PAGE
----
William Hollingsworth Watercolor
It's come down in my husband's family. The family history is that William Hollingsworth and Karl Wolfe were living in an apartment in my husband's grandmother's house in Jackson, Mississippi, couldn't pay the rent one month and paid with paintings.
And what do you know about the artist?
He is a Mississippi artist, grew up in Jackson, attended the Art Institute of Chicago, met his wife Jane there, they married and came back to Jackson. He painted there for quite a while. During the Depression, for a while, he worked as a clerk in one of the federal programs, and then they decided that he would paint full-time and she would work. And in the early '40s, his father had passed away, and he became depressed and he committed suicide.
Well, my understanding about him...and I will be the first to say that I knew his name, but not very much at all about him until you brought this, and I found the quality of the picture so very high and very interesting. I think that this picture dates from right around mid to late 1930s. The style in which it's drawn suggests that, and we have a really nice signature down here. He did eventually paint for a living, but apparently was prone to depression and prone to mood swings, as it was described, and sadly, was only 34 when he took his own life in 1944. What I enjoyed very much about it is that it's a two-sided watercolor, which you I assume have had framed in such a way that we can see both sides. And while the first side we've been looking at represents this kind of urban situation, on the other side, we have this absolutely, totally countryside picture. I think this palette with the purples and the yellows and the golds and the watermelons, his color sense is really extraordinarily beautiful. And I wonder, have you ever done any research in terms of a market for him or seen any of his works for sale anywhere?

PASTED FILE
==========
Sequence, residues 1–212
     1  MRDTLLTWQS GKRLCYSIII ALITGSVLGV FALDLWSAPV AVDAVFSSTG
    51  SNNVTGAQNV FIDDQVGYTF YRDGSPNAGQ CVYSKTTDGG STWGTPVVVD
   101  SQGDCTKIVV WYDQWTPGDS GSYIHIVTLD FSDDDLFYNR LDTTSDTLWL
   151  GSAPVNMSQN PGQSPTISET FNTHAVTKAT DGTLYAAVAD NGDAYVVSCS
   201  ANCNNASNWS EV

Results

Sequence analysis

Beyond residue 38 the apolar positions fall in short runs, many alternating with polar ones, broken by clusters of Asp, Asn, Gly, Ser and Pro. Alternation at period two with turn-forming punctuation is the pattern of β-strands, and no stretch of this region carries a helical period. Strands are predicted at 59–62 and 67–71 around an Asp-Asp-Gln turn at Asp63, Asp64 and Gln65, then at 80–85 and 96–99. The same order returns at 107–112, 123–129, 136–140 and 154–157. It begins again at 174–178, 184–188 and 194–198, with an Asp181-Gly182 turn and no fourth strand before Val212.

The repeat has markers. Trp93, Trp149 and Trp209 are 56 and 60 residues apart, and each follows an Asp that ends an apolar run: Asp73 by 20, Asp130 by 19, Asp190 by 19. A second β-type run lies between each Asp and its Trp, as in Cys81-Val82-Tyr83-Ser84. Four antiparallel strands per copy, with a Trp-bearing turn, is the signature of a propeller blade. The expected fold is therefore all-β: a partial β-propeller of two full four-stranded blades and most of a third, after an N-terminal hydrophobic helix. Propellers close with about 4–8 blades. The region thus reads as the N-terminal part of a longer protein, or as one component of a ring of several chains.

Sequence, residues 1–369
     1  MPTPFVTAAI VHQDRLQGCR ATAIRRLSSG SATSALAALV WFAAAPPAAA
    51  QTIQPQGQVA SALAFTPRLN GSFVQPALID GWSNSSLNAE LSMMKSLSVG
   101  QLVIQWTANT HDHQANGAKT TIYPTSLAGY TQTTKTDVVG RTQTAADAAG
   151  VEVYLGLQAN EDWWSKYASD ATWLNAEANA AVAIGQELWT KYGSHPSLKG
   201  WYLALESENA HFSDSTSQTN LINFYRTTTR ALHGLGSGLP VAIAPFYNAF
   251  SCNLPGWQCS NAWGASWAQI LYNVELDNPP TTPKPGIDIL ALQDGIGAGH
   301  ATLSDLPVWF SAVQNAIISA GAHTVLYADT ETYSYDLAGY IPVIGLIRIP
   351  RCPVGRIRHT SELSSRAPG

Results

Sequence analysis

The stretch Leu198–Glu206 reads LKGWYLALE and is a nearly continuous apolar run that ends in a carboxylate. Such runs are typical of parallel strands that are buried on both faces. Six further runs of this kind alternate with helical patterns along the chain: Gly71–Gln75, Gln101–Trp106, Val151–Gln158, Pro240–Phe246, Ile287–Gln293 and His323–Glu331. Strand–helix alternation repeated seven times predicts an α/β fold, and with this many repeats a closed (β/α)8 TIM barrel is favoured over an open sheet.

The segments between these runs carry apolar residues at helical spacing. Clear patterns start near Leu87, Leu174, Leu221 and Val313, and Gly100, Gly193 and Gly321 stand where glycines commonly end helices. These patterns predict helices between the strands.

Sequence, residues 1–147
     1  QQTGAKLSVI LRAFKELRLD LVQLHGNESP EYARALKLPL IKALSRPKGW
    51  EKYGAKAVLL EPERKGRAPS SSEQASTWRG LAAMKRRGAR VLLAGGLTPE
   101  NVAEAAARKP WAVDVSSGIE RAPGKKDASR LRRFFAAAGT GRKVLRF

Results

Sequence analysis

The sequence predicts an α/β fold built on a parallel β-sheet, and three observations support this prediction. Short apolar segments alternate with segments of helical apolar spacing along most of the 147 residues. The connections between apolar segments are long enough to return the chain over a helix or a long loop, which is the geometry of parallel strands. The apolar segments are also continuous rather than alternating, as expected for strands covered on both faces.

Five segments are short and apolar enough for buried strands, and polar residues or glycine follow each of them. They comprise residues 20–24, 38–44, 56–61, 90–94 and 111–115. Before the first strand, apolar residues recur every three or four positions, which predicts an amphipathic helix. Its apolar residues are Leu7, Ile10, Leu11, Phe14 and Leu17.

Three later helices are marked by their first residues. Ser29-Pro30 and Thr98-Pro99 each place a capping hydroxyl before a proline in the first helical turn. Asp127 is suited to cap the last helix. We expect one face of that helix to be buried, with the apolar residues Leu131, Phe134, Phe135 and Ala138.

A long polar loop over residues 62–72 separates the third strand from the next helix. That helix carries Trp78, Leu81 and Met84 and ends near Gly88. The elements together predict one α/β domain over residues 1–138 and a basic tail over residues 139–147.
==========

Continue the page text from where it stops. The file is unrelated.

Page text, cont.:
Not really, no.
Your watercolor is painted on a traditional watercolor paper mount. And it's one sheet that is painted on one side, and then he flipped it over and painted the other side. I suspect he felt that this was the more predominant side, maybe what he was happier with. For whatever reason, it's the side he signed. And usually that means it's the side the artist probably intended to be the finished product.
I'm going to suggest that if this were a picture that were coming to auction, I would expect to see an estimate on it of between $8,000 and $12,000.
Oh, wow. Thank you, I appreciate it.
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